Strategic marketing requires strategic management. And TrinityP3 has been solving strategic problems between marketers and their agencies and suppliers for more than a decade. In 2000, Darren...read more
February 9, 2012
As consumer confidence remains sluggish, advertisers are increasingly interested in understanding how effective their media agency is negotiating. This raises two main concerns:
1. What are the issues affecting negotiation effectiveness?
2. How effective are the advertiser and agency in achieving additional cost efficiencies during each campaign?
With most communication strategies based on exhaustive consumer analysis and insights from a plethora of syndicated and bespoke research, a clear understanding of your target’s ‘media imperatives’ is one of the most powerful negotiating tools available.
Understanding how to reach a ‘light TV viewer’ who is also a ‘heavy on-line reader’ might seem obvious, but the essential communication elements of your particular product or service may dictate otherwise.
On one hand, using TV to try and reach consumers who don’t watch much can be inefficient and expensive. On the other hand, trying to explain a complex visual scenario on radio just because your targets listen a lot can be just as ineffective.
Getting the media mix right and the balance between effective and efficient communication channels – both between and within your chosen selection – can have a marked effect on the ability to leverage spend during the negotiating and buying process through more effective channelling of budget.
Is bigger better?
In media negotiating terms, size does count. And not just how big your budget is but also how much clout your media buying agency has overall.
In the typically ‘three-tiered’ process that makes up most major media negotiations, the media agency (or buying group) size sets the first discount off base rate (usually known as the ‘ceiling’ for agency-based advertisers).
Your individual spending volume then comes into play, as the client-specific discount structures are set based on volume or share.
Finally, the actual rate paid on a campaign by campaign basis is the result of the leverage your buying team can exercise on top of these first two discount levels in the context of the current market conditions, lead times, placement strategies and a range of other variables.
One lump or two?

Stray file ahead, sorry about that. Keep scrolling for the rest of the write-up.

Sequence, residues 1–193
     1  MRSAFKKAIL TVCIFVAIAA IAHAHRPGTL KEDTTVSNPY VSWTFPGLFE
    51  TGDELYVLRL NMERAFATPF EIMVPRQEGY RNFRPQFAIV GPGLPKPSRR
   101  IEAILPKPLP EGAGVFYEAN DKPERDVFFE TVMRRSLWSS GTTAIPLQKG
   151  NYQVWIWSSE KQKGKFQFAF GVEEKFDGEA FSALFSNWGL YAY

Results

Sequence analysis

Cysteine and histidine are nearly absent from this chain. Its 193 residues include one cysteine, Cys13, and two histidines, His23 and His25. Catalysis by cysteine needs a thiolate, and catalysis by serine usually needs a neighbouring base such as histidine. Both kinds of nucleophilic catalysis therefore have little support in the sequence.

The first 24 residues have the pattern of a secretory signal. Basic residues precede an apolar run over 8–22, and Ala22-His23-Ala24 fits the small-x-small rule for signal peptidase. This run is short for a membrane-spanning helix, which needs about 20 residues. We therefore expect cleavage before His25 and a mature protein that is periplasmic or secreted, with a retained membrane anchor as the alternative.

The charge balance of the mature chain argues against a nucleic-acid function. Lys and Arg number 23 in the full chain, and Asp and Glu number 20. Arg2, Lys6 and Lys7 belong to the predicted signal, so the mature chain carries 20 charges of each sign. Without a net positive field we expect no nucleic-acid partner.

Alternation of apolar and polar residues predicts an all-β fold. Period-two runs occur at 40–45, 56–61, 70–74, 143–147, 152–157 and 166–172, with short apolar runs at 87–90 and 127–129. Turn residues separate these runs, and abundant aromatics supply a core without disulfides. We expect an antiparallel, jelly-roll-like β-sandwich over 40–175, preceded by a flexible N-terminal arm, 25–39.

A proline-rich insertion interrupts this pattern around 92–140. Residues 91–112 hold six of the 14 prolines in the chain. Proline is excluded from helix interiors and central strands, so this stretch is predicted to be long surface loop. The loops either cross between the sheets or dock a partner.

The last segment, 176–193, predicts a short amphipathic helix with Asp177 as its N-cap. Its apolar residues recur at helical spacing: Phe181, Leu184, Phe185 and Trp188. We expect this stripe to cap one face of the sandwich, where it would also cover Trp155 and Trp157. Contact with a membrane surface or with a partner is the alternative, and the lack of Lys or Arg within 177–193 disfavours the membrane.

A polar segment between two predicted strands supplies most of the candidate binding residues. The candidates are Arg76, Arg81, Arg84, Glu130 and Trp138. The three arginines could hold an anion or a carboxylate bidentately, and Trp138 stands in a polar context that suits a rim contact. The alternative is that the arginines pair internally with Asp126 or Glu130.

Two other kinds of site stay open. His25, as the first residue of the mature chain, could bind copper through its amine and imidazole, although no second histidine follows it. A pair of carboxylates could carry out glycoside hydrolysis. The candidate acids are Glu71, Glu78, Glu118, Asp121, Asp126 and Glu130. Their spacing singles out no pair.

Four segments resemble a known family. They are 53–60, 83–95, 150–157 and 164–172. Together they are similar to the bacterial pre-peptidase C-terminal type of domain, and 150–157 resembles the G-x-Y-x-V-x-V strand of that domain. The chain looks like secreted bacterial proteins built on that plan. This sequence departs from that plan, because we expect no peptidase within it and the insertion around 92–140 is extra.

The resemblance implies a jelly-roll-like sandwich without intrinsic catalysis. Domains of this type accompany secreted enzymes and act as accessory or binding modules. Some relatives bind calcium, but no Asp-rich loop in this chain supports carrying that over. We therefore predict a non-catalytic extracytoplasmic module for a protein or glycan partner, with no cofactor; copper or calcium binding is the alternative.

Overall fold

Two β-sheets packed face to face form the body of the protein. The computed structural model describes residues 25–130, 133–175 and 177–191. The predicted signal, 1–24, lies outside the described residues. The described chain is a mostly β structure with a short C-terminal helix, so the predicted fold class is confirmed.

Naturally, negotiating strategy can play a big part in the rate base outcome. One, two or three networks in your TV negotiation? Two contracted and a float? Specific target, specific need – one network? Newspapers by masthead or by publisher? Magazines likewise? Do you know your high, low and walk away positions?
Having an agreed negotiating strategy, the courage to stick to it and a good team in support can make all the difference between a great outcome and a bad feeling in the pit of your gut. And remember, in any negotiation, the best result is a win:win!
The power of process
Even with the best team, a great strategy and terrific leverage, the best laid plans can go astray if the basic process rules are forgotten. These rules apply at the macro (doing the annual deal) and micro (campaign by campaign buying) levels.
1. Give the agency and yourself time.
Negotiations don’t need to be protracted but you will need breathing space so both sides can properly consider their positions and come back with well thought out counter offers along the way. Time is particularly critical in the campaign negotiation/buying process where the best spots and/or positions are always the first to go. In the seller’s market that has characterised conditions over the last couple of years, there have been no prizes for coming in late!
2. Make sure the brief is clear, concise and based on as much factual information as possible.
Basic factors like timing, seasonality, distribution and geography are obvious factors in ensuring the negotiation is based on your business plan. Of course, critical factors like target audience are essential elements that must be spot on or you’ll end up wasting your money despite the best of intentions.
3. Make sure that both you and the agency understand and agree what your expectations, goals and objectives are for the negotiation.
Many times, the agency comes back thinking they’ve done a great job, only to find that the client’s expectations were based on issues only partly communicated and understood.
This brief review only scratches the surface of rate negotiation effectiveness. We have been providing advertisers with a benchmark report on how their negotiated media rate compares to the industry rate across the main media for the past ten years. But more importantly we benchmark how effective you and the agency are in capitalising on this rate as it is applied to your campaign activity.